Dinner by Heston Blumenthal, London, UK
World’s 50 Best Restaurants: No. 36
British culinary history is the inspiration for the restaurant helmed by Ashley Palmer-Watts. He’s been working with Heston Blumenthal for almost 20 years, including when The Fat Duck was awarded its third Michelin star.
“I was 28 and in Sydney with Heston, cooking for the Starlight Foundation with Neil Perry, Guillaume Brahimi, Thomas Keller and Tetsuya Wakuda. After the event, at midnight, Tetsuya took us to his office. It had an incredible kitchen at one end and we sat around a traditional sushi counter as he started to prepare some food. He explained they weren’t his restaurant dishes but he wanted to show us the very best Australian produce. We were drinking magnums of Dom Pérignon, Salon and old bordeaux. I was a young chef, tasting the most amazing flavours and sitting next to Thomas Keller and the other great chefs while Tetsuya cooked. It was an experience I will remember forever.”
Brae, Birregurra, Australia
World’s 50 Best Restaurants: No. 44
After working at Spain’s Mugaritz, Dan Hunter returned to Australia to transform the Royal Mail Hotel in regional Dunkeld into a gourmet destination. Now at Brae, 90 minutes’ drive from Melbourne, he continues to bring a love of foraging and native ingredients to the kitchen.
“I’ve been lucky to have had some really detailed personal dining and hospitality experiences in my life but some of the longest-lasting memories have come from quite simple and unexpected dishes. One that still stands out is a tom yum soup I ate in Thailand in a car park in Sukhothai in 1998, served to me by a woman using a single burner attached to the front of a bicycle. I couldn’t believe the depth, complexity and perfect balance of this thin, water-like soup and that it came from such a simple set-up. It’s still a reference for me today and a reminder that great cooking will always be about technique and understanding rather than gadgets.”
Central, Lima, Peru
World’s 50 Best Restaurants: No. 5
Cooking food that you’d find elsewhere in the world is not Virgilio Martínez’s style. His exploration of traditional Peruvian ingredients has led to the creation of a distinctive, highly praised cuisine. His ambitious new project, Mil, a 40-seat restaurant above the Inca ruins of Moray in the Sacred Valley, near Cuzco, is due to open next month.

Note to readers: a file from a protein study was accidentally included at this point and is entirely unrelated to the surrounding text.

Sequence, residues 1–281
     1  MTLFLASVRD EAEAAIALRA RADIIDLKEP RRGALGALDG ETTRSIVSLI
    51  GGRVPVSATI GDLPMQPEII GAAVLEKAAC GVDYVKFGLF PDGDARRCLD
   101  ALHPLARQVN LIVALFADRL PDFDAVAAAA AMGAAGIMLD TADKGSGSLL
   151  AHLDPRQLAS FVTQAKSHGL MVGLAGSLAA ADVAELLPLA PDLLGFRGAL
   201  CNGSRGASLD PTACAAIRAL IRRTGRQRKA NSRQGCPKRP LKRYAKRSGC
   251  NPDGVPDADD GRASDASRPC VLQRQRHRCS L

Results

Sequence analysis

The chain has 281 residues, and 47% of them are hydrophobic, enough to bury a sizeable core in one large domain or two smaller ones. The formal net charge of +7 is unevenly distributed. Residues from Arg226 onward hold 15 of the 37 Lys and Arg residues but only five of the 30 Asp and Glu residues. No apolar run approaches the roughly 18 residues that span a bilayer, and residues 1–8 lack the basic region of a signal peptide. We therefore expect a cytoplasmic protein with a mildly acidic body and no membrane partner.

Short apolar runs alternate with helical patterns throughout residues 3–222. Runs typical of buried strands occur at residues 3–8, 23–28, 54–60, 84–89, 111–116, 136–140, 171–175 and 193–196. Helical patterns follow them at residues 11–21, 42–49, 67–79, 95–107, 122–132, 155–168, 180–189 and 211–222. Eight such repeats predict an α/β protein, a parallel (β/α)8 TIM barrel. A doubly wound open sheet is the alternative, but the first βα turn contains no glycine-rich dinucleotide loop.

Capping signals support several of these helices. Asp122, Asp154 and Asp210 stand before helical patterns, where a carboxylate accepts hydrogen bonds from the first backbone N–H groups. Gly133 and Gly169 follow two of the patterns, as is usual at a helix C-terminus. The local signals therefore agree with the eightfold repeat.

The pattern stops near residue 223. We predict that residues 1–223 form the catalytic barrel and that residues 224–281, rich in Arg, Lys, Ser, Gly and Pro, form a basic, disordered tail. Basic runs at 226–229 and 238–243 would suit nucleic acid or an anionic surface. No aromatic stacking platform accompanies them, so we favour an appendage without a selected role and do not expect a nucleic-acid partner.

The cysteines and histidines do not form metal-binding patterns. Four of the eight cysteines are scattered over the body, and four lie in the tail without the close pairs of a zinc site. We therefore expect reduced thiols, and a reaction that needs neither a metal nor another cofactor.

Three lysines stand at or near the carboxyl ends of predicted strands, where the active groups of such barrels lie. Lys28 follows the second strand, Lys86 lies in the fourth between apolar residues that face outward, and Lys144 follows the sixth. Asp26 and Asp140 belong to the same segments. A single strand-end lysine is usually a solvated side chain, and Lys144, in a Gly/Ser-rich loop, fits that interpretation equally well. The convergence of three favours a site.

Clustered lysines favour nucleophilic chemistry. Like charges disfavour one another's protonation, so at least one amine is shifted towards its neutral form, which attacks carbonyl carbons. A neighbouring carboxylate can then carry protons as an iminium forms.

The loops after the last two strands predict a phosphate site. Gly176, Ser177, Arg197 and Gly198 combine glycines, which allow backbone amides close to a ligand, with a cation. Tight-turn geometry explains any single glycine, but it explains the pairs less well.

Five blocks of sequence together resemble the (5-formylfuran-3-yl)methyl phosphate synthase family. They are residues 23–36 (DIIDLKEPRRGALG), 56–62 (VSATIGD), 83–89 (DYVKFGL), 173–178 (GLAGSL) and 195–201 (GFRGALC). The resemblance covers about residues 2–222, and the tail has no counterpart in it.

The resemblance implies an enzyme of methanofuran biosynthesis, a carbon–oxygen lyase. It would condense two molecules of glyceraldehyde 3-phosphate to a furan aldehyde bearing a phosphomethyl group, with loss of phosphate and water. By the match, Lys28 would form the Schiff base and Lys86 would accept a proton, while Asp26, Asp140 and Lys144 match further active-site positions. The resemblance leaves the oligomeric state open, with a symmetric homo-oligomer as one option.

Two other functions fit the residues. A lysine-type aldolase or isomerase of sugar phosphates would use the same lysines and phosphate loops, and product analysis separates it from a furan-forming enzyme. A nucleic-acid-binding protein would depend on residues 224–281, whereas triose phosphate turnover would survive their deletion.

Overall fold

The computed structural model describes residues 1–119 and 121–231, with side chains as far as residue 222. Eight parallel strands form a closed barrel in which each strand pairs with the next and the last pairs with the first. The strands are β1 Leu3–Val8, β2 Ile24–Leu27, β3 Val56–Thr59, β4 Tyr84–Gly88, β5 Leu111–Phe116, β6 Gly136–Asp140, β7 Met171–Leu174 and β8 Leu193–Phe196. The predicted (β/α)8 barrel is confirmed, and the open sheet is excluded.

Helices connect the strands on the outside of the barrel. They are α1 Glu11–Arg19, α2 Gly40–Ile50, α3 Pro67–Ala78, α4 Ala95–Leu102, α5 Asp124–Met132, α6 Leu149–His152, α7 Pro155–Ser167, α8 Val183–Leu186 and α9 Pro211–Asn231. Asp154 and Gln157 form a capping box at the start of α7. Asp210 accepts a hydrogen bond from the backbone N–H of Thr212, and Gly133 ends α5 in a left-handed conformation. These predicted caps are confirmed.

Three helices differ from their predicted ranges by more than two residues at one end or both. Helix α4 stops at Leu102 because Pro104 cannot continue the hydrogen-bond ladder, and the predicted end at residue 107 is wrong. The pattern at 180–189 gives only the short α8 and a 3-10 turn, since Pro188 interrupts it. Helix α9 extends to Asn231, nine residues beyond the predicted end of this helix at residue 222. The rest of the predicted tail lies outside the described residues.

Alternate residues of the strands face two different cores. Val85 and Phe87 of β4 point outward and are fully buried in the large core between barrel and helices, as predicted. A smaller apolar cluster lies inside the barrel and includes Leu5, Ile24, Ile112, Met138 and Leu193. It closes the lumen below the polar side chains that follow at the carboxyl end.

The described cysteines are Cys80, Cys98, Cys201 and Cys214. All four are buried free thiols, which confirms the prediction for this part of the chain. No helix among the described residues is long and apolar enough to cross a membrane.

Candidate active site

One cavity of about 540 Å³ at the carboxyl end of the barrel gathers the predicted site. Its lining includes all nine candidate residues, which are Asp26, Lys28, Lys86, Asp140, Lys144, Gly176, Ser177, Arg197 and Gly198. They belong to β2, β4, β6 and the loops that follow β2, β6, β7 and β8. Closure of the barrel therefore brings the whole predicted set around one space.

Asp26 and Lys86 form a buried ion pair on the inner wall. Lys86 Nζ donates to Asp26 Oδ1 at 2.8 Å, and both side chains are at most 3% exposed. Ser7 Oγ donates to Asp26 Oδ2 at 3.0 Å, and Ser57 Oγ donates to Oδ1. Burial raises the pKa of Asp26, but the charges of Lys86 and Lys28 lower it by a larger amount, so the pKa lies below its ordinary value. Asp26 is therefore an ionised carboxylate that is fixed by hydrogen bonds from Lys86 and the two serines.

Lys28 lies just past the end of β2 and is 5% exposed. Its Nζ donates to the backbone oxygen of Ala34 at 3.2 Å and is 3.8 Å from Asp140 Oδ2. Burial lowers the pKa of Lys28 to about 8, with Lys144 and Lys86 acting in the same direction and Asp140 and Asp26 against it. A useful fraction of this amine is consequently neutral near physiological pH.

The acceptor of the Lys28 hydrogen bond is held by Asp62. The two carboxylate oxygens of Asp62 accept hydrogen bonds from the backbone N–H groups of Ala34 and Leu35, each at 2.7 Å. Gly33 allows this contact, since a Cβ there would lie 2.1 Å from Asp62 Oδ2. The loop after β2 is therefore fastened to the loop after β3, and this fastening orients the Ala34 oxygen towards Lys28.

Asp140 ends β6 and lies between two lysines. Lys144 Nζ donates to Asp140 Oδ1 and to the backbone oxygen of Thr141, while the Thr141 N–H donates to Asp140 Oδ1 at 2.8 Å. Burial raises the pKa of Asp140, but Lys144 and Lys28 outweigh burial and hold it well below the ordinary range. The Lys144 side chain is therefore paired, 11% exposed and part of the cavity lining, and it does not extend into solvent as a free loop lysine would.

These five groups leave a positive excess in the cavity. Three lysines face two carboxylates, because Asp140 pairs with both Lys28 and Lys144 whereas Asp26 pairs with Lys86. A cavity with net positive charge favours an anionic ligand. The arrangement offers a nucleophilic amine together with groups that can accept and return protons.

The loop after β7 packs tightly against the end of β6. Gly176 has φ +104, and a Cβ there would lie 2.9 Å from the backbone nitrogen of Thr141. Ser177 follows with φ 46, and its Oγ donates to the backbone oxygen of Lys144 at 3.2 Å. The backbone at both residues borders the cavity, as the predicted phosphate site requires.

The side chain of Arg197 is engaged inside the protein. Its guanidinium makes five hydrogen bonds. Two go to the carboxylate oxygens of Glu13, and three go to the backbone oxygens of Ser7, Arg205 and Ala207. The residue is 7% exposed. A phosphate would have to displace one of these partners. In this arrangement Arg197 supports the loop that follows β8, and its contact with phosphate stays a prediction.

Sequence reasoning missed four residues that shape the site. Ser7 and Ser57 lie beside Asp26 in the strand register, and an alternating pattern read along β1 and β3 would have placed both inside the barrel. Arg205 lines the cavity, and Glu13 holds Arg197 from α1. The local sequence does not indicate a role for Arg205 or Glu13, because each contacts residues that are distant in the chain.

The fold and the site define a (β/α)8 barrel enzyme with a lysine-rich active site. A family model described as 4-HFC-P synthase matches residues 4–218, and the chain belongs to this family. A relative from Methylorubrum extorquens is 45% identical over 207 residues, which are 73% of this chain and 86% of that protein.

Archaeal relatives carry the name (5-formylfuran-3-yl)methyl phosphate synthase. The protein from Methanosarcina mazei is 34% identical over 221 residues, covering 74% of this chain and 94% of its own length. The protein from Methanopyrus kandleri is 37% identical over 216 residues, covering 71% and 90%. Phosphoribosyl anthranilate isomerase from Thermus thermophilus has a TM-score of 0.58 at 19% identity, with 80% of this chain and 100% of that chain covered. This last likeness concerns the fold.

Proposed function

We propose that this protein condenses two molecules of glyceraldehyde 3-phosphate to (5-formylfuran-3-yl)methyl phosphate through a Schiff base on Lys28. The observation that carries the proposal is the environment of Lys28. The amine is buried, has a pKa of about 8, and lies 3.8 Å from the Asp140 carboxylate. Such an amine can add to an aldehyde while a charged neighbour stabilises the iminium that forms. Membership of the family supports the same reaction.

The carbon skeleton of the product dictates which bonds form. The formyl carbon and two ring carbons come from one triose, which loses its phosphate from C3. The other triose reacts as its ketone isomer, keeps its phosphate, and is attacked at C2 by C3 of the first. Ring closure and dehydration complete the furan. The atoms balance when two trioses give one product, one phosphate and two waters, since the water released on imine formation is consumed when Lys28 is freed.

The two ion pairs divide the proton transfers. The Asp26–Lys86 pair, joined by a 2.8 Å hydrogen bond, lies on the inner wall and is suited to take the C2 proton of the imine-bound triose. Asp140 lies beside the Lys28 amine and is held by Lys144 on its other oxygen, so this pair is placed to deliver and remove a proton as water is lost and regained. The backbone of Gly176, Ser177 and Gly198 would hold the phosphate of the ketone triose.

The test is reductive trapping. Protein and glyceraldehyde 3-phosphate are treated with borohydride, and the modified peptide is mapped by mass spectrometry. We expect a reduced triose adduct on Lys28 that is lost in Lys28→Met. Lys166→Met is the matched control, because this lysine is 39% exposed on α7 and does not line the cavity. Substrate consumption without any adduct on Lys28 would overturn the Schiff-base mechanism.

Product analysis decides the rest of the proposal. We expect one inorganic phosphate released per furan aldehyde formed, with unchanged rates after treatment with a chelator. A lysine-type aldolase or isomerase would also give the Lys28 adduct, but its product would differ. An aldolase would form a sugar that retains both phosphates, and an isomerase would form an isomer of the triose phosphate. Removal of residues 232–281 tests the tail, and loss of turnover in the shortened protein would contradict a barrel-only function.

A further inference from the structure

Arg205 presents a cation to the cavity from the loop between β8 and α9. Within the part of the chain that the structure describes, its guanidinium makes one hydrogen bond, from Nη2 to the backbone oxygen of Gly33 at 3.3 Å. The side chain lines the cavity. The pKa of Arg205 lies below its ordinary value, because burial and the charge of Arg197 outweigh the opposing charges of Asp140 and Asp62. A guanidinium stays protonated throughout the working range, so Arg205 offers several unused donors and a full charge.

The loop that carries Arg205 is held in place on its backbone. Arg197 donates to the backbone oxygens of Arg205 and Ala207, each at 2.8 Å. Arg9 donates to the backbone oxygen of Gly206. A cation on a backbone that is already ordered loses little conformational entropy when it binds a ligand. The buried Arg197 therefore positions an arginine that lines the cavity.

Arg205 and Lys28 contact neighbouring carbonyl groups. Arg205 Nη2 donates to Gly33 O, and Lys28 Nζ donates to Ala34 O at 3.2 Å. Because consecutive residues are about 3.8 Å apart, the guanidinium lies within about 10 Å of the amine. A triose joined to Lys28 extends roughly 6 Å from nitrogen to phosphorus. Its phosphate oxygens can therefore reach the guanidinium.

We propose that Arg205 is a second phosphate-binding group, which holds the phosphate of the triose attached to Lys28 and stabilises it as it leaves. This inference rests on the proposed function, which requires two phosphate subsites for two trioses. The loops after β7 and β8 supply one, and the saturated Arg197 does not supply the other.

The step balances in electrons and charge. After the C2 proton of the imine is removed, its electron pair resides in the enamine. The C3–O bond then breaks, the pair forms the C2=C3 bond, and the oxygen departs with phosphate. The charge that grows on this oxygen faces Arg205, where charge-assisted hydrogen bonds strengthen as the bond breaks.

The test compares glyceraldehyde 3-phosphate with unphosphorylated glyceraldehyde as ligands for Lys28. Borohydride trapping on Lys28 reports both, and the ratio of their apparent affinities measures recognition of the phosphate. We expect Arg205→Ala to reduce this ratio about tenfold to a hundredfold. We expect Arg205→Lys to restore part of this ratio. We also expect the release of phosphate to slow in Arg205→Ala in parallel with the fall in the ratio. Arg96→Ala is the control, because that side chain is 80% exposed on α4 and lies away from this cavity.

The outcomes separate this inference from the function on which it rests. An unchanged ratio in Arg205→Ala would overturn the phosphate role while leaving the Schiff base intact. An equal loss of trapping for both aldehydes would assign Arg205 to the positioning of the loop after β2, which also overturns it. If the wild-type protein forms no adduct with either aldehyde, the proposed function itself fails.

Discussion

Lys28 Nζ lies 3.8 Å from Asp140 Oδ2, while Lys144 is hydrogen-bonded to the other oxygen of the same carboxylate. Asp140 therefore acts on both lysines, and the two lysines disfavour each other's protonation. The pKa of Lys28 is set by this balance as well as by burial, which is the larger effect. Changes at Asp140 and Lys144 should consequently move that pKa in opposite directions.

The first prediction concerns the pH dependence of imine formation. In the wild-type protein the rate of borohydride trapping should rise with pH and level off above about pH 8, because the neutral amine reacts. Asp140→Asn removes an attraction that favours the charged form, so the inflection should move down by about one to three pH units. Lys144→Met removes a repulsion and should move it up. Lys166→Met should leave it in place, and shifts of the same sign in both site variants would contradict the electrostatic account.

“Elkano in Spain’s Basque Country was memorable, not just one time but the three times I’ve been there. This is the place where cooks love to go when we are in love with fish. They serve the whole fish, cooked to perfection on a parrilla, with no fuss. The place has no special effects, no modernity – they cook traditionally and with emotion. There’s no fine dining and no tasting menu and you can watch chef Aitor Arregui, who used to be a football player, deboning your fish in the kitchen.”
Blue Hill at Stone Barns, Pocantico Hills, USA
World’s 50 Best Restaurants: No. 11
There’s no menu at Dan Barber’s Upstate New York restaurant. Instead, guests are presented with a series of morsels created using ingredients sourced from the paddocks and gardens at Stone Barns – diners are often taken on a farm tour – and some of its neighbouring properties.
“I still remember every bite that I had at Aponiente near Cádiz, Spain. How do you forget a meal that starts with phytoplankton bread? The chef, Ángel León, told me that he wanted the taste and aroma of the ocean to linger throughout the entire meal – and it did. Ángel’s food is humble – or maybe reverent is a better word. He breaks rules, not with wild juxtapositions but by looking to the sea to define his cuisine.”
Restaurant André, Singapore
World’s 50 Best Restaurants: No. 14
Born in Taiwan and trained in France, André Chiang worked in some of the world’s top kitchens before refining his Octaphilosophy theory of cooking, based on the eight elements – unique, pure, texture, memory, salt, south, artisan, terroir – that inspire him.
“Two years ago, my wife, my sous-chef and I were having lunch at Eleven Madison Park in New York because I’m friends with Daniel [Humm] and [co-owner] Will [Guidara]. My wife mentioned we were messy because there were a lot of breadcrumbs on the table. ‘Why doesn’t anyone ever think to put a chicken on the table to eat the crumbs?’ she said. A few minutes later, the waiter brought out a wooden chicken, put it on the table and said it was to eat the crumbs. One of the courses they made for me was a pig’s ear salad because in a very old interview I’d said I would want to eat that as my last meal. It was very touching and every little detail required a lot of effort. It’s not about using the most expensive ingredients and crockery but about what guests will remember.”
Attica, Melbourne, Australia
World’s 50 Best Restaurants: No. 32
He was born in New Zealand but Ben Shewry’s style is embedded in Australia. He includes kangaroo, emu and wallaby on his menu and other native ingredients play a key role in the formation of his creative dishes.
“In 2011, I arrived in Copenhagen in the Danish winter on the back of a visit to France, where I spoke at a symposium. It was horrible: -10°C and blowing a gale. I’d been friends with René [Redzepi] for years and he’d visited me in 2006. I went to Noma with no expectations but the crew has a unique way of looking after people and I was touched by their generosity and hospitality. I was with a friend and neither of us had any money. They came up to us at the start and asked what we wanted and I said, ‘Give us everything you’ve got.’ Then I immediately thought, ‘What does that mean? I probably can’t even afford it.’ I was worried for the entire meal but the bill came out and René had handwritten ‘zero’ on it. It just about made me cry.”
Top image: Rasmus Kofoed